Abstract: "The 2007–08 international food price crisis caused hardship on a number of fronts. The steep rise in food prices led to economic difficulties for the poor and generated political turmoil in many countries. The crisis could also result in long-term, irreversible nutritional damage, especially among children. There is a global interest in preventing such events from recurring. The price crisis was triggered by a complex set of long-term and short-term factors, including policy failures and market overreactions. One important factor in the crisis was the entry of significant financial resources into futures markets, including food commodity markets, which contributed to a price spike during the first six months of 2008. This episode highlights the need to modify the architecture of international financial and agricultural markets to address the problem of price spikes, especially their effects on the livelihoods of the poor. Although a set of guiding principles for regulating agricultural and commodity futures markets should be developed and recent inappropriate trade policy instruments such as export bans should be reviewed, these actions are not sufficient to avoid extreme price spikes and to ensure that the world can respond to emergency needs for food. We propose two global collective actions to meet these goals. First, a small physical food reserve should be established to facilitate a smooth response to food emergencies. Second, an innovative virtual reserve should be set up to help prevent market price spikes and to keep prices closer to levels suggested by long-run market fundamentals like supply and demand. This brief offers some specifics on implementing a proposal described in our earlier IFPRI policy brief titled Physical and Virtual Global Food Reserves to Protect the Poor and Prevent Market Failure (June 2008). Price instability is a general feature of agricultural markets. The proposals made here are designed not to stabilize prices generally, but to prevent damaging price spikes. The proposed actions will entail costs, but the modest costs of the required organizational elements must be balanced against the benefits of more effective international financial architecture. These benefits will include prevention of economic hardship, improved market efficiency, stronger incentives for long-term investment in agriculture, and prevention of political instability." from Author's text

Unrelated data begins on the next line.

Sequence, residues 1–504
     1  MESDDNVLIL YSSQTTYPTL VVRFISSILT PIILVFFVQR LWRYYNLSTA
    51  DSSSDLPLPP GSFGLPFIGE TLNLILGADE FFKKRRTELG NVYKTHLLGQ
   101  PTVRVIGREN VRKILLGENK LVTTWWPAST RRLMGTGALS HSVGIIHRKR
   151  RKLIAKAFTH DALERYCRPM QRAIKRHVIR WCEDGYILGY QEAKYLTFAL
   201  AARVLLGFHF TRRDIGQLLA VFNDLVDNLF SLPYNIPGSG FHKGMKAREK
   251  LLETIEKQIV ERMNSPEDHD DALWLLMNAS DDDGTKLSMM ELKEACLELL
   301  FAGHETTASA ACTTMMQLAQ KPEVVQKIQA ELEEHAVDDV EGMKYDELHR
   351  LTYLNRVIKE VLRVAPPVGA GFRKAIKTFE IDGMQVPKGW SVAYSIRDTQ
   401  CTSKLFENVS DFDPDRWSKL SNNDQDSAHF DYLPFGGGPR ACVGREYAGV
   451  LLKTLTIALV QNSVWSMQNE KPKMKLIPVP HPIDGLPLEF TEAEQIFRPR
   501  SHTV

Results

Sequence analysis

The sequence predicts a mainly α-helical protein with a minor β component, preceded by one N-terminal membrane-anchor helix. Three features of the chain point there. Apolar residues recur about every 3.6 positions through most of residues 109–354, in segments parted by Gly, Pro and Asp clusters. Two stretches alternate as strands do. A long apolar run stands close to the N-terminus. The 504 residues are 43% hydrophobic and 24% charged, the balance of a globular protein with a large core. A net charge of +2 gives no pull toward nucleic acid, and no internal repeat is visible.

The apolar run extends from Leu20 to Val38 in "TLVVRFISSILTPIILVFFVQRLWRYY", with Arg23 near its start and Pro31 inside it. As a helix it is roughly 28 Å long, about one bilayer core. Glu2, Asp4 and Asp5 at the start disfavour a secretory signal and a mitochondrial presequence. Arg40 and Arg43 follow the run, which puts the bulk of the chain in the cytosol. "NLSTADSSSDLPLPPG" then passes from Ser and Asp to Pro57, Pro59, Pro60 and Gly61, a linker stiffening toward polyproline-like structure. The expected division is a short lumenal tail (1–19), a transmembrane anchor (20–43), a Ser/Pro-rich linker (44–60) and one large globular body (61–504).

Keywords: Food prices, Food policy, Markets,
    Date: 2009
  4. By: Joan Esteban; Debraj Ray
    Abstract: In this paper we study a behavioral model of conflict that provides a basis for choosing certain indices of dispersion as indicators for conflict. We show that the (equilibrium) level of conflict can be expressed as an (approximate) linear function of the Gini coefficient, the Herfindahl-Hirschman fractionalization index, and a specific measure of polarization due to Esteban and Ray
    Keywords: conflict, polarization, inequality
    JEL: D74 D31
    Date: 2009–03–15
  5. By: Joshua D. Angrist (MIT Department of Economics); Stacey H. Chen (Department of Economics, Royal Holloway, University of London)
    Abstract: Military service reduces the civilian work experience of veterans but subsidizes their college attendance through the GI Bill. Estimates of veteran effects using the Vietnam-era draft-lottery show a post-service earnings impact close to zero in 2000, coupled with a marked increase in college attendance. Viewed through the lens of a Minser wage equation, these results are explained by a flattening of the experimence profile in middle age and a modest return to GI Bill schooling. Consistent with Roy-type selection into college for veterans, IV estimates of the returns to GI Bill-funded schooling are well below OLS estimates. These results are unchanged in more general models that allow for nonlinear returns to schooling and possible effects of military service on health.
    Date: 2009–03

This nep-ltv issue is ©2009 by Maximo Rossi. It is provided as is without any express or implied warranty. It may be freely redistributed in whole or in part for any purpose. If distributed in part, please include this notice.
General information on the NEP project can be found at For comments please write to the director of NEP, Marco Novarese at <>. Put “NEP” in the subject, otherwise your mail may be rejected.
NEP’s infrastructure is sponsored by the School of Economics and Finance of Massey University in New Zealand.